President Emmanuel Macron has switched to using a darker navy blue on the official French flag, replacing the previous brighter shade, officials have told local media.
The move saw flags in the new hue hoisted on the presidential palace last year without any accompanying fanfare.
Mr Macron wanted to bring back the navy blue flag, a symbol of the French Revolution, Europe 1 said.
However, both the darker and lighter flags have been in use for decades.
France’s navy and many official buildings around the country have always used the navy blue shade.
But in 1976 under President Giscard d’Estaing, the French state introduced a brighter blue on the tri-colour to match the blue on the flag of Europe.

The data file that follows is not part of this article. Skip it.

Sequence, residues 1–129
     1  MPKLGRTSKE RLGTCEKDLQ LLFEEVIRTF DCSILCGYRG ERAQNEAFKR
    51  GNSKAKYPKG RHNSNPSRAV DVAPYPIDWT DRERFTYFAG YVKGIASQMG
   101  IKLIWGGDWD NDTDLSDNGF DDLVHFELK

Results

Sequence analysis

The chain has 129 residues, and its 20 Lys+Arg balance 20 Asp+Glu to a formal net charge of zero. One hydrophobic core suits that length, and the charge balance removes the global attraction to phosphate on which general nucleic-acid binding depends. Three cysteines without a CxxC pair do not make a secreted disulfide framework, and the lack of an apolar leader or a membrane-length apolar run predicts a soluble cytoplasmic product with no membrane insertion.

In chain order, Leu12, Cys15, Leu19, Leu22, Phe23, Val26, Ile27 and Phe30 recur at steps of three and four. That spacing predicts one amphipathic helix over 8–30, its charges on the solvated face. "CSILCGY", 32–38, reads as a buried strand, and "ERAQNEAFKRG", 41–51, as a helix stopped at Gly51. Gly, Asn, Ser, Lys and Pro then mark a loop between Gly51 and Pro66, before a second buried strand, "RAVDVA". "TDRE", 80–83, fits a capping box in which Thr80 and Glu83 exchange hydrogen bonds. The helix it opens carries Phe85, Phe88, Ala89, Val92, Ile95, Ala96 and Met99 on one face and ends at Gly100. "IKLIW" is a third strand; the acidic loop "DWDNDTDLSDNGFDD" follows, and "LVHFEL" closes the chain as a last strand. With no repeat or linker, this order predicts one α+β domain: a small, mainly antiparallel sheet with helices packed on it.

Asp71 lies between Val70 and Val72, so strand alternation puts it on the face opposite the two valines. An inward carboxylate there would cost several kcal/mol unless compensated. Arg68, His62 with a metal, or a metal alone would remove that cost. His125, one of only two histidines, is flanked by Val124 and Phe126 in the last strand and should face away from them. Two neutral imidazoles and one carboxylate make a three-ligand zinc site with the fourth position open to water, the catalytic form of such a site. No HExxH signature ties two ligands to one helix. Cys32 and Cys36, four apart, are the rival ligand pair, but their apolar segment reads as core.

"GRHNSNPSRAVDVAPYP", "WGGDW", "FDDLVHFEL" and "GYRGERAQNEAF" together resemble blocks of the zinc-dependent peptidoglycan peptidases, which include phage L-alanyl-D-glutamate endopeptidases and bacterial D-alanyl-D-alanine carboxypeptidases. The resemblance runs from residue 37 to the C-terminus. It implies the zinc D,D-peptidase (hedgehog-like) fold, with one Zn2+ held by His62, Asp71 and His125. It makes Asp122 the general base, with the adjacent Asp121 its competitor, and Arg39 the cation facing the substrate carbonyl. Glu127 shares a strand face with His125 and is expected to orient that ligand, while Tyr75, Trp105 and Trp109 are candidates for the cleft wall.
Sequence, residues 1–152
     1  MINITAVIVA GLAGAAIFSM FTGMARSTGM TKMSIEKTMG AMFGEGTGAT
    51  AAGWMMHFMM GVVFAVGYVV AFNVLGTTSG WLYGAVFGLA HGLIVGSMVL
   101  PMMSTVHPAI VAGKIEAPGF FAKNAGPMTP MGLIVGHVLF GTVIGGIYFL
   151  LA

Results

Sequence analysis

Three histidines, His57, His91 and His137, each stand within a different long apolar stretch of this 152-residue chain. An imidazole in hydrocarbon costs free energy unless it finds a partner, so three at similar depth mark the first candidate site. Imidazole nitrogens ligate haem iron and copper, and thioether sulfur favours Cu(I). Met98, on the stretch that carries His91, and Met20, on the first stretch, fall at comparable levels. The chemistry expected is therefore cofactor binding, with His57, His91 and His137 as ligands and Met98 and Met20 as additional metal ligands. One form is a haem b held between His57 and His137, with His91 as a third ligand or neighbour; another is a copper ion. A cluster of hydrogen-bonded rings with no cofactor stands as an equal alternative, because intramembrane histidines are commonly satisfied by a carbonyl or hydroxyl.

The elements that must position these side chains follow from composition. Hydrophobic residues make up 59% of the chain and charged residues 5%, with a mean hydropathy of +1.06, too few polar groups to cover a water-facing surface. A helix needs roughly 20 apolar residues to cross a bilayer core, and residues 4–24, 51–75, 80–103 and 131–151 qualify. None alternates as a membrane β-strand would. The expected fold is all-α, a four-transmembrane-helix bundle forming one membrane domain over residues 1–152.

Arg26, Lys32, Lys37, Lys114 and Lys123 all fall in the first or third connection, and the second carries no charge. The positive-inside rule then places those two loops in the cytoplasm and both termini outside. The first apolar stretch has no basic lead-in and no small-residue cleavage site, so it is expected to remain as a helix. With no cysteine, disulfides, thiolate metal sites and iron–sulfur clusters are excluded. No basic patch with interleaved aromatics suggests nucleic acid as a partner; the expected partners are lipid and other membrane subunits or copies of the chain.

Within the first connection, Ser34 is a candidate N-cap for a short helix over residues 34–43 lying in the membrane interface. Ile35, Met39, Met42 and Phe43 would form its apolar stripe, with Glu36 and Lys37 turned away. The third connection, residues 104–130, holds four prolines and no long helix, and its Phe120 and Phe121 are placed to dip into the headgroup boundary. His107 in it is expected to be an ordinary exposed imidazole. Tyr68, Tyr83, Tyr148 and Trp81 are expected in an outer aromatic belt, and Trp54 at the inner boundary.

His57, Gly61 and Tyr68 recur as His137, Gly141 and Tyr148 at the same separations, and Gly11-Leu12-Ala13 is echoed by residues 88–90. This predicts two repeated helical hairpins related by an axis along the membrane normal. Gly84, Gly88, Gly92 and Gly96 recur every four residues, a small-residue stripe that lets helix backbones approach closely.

That decision was partly an aesthetic one, Europe 1 reports, because the French and European flags flew next to each other in so many locations.
The Élysée Palace has not publicly announced its change in flags, and no orders have been given for other institutions to do the same.
There was reportedly some disagreement over Mr Macron’s change back to navy blue, with some arguing the new shade was ugly and would clash with the EU flag, and others nostalgic for the pre-1976 version.
However, all concerned insist that the colour change should not be interpreted as an anti-EU gesture, Europe 1 reports.
France is due to take on the rotating EU presidency in January.
Mr Macron also faces a presidential election in April next year.